(07/07/2022, 08:29 PM)MphLee Wrote: I apologize for my fractal "n00bness"... but is there available a diagram of the complex plane showing in addition to the fixed points also the shapes and positions of their respective basin of attraction? I'm interested in visualizing the sets \(A_p=\{z\in\mathbb C\, :\, \lim_{n\to \infty} \exp_b ^n(z)=p\}\).

What is the knowledge about the set \(A=\bigcup_{p\in {\rm fix}(\exp_b)}A_p\) and the set \(\mathbb C\setminus A\). Are they open? Closed? Connected by arcs? Are they punctured/have holes?

Hey, Mphlee

I believe your question isn't the question you intended to ask. So first I'll answer the question you did ask, and then extrapolate what I think you meant to ask.

First of all, the only attracting fixed points are in the Shell-Thron region. So you are asking for what values z are in the basin of the fixed points.

The fixed points come in a set that looks like \(|\log(p)| < 1\), and then \(b = e^{\log(p)/p}\). The basin of these fixed points are very sensitive, and nonsensical. There is not much literature that I've found describing them.

An important fact, is when \(b \in (1,\eta)\), that \(\Re(z) < 0\) is in the basin. As you move in the complex plane, this half plane deforms, I believe there's always a half plane within \(A_p\) for all such \(p\)--not sure how to describe it. But don't quote me on that, I'm not certain.

Then when you ask for your set \(A\), it can be written more clearly as:

\[

A = \{z \in \mathbb{C}\,|\, \exists p\, \text{such that}\,|\log(p)| < 1,\,\lim_{n\to\infty}\exp_{p^{1/p}}^{\circ n}(z) = p\}\\

\]

This set isn't all that interesting, at least I don't think so. It is definitely open, just by looking at this definition. It is probably simply connected, as it's the union of simply connected domains that are deformations of each other. This means there shouldn't be any holes.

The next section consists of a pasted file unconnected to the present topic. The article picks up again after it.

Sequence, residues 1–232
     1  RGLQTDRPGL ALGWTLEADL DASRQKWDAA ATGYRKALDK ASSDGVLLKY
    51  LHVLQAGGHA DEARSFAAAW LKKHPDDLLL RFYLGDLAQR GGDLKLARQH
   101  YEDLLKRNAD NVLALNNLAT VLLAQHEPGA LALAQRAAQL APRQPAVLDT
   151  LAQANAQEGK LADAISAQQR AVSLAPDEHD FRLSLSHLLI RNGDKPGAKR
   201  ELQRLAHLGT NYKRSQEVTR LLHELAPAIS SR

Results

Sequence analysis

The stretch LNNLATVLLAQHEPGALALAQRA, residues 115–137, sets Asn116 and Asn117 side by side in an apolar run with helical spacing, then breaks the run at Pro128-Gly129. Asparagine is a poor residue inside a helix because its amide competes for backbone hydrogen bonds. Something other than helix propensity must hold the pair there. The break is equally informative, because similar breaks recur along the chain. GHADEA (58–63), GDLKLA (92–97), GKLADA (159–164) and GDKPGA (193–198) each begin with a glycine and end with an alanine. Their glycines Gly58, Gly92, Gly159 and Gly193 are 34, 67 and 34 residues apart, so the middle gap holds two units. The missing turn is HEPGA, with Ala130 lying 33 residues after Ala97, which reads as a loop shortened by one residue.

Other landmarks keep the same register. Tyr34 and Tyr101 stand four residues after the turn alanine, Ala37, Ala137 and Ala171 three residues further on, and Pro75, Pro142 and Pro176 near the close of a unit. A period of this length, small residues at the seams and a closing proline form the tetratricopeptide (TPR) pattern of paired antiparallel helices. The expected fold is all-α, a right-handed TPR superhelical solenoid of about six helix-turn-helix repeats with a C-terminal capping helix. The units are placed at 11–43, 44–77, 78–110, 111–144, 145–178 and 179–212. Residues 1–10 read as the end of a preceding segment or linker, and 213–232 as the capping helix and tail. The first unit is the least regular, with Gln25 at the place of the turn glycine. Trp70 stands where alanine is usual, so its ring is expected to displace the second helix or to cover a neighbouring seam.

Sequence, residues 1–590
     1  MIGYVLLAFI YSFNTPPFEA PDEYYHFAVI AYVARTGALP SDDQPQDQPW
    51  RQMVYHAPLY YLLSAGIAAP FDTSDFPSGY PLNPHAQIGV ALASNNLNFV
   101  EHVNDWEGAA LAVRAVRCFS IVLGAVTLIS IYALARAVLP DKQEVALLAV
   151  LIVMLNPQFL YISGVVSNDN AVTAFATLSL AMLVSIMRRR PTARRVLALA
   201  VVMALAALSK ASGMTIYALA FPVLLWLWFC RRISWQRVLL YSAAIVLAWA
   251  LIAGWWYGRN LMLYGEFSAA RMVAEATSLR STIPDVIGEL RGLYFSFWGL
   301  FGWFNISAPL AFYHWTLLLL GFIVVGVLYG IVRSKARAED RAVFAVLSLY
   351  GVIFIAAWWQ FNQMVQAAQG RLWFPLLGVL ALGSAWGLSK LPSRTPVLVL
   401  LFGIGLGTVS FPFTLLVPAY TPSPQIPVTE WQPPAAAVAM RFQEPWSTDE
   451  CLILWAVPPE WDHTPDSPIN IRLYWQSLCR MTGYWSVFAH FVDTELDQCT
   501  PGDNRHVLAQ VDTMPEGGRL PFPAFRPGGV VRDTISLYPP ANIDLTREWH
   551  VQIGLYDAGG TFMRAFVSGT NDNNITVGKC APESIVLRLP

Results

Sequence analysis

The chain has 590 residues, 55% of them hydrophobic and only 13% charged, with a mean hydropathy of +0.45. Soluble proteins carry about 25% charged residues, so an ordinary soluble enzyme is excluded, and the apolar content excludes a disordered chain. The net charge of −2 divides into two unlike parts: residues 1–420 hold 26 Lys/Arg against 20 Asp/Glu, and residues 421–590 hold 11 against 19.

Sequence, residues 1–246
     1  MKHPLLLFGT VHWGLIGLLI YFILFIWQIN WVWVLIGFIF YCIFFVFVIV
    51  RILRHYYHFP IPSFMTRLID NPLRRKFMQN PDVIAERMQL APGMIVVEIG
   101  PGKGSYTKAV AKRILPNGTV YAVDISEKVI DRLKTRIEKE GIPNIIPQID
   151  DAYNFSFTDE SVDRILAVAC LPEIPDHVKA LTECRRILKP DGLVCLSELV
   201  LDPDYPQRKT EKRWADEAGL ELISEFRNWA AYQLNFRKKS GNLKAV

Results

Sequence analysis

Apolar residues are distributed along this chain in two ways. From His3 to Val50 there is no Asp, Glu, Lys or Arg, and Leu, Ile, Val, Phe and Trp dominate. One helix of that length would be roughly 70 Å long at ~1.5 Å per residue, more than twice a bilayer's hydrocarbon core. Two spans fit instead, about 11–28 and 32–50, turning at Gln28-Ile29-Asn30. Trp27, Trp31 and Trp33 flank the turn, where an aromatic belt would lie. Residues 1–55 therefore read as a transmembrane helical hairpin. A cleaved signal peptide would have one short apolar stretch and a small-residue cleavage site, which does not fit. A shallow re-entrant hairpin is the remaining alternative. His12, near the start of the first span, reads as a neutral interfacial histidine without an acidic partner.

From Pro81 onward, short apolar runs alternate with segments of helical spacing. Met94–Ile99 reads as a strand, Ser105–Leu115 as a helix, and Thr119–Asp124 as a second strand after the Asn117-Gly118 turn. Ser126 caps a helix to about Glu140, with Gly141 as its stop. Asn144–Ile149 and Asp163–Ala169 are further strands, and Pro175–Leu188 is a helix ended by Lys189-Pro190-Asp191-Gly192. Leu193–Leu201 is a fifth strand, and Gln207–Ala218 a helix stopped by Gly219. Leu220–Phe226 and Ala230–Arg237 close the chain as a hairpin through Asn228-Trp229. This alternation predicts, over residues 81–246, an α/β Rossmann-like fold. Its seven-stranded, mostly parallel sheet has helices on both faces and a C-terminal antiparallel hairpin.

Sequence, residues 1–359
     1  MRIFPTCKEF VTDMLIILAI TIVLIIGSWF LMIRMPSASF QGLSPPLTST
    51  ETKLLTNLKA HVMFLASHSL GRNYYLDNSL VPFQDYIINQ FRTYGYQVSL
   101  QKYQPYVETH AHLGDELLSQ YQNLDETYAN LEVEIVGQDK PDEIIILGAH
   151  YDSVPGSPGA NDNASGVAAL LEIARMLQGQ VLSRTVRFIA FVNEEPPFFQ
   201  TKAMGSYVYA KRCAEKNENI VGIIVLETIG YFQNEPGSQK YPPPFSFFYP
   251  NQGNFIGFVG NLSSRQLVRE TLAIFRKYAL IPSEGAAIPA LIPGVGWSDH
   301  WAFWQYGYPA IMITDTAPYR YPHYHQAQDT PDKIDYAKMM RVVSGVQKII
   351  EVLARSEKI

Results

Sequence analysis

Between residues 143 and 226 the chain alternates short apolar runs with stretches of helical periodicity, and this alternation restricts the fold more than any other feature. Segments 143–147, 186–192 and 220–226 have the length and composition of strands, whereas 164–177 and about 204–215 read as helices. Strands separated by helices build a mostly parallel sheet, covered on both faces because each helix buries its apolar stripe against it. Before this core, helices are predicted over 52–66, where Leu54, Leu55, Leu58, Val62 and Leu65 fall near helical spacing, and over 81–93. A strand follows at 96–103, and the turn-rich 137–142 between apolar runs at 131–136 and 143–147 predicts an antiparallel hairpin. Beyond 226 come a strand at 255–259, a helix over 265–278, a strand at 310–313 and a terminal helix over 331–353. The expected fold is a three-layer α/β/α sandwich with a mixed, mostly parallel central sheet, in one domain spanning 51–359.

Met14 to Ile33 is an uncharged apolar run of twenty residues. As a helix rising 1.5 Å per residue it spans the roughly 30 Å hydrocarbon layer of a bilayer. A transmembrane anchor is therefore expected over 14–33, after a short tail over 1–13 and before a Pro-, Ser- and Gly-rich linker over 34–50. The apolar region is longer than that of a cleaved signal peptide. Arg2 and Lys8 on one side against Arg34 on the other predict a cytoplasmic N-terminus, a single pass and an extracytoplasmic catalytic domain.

The more interesting chaos, and the much crazier idea, would be to invert your definition of \(A_p\). Lets call it \(B_p\):

\[

B_p = \{z \in \mathbb{C}\,|\, \lim_{n\to\infty} \log^{\circ n}_b(z) = p\}\\

\]

This would produce MANY MANY more fixed points. This would be a much more interesting beast, as it'd deal with fixed point pairs of the exponential, and the ridiculous amount of fixedpoints that the exponential has (depending on how you choose the signature of each log in the iteration). The thing is, pretty much all the fixed points are repelling. The only attracting ones are in the shell-thron region. This means, the fixed points are attractive in \(\log\) though. And choosing each branch of \(\log\) as you iterate, produces different fixed points. And these are a much more interesting version of your set. It's kinda like the compliment you brought up. Instead of defining \(A_p\) through attracting fixed points of \(\exp_b\), which are well understood. Look at \(B_p\) defined the exact same manner off of repelling fixed points.

Could I ask what you want to know about this set--what your goals are?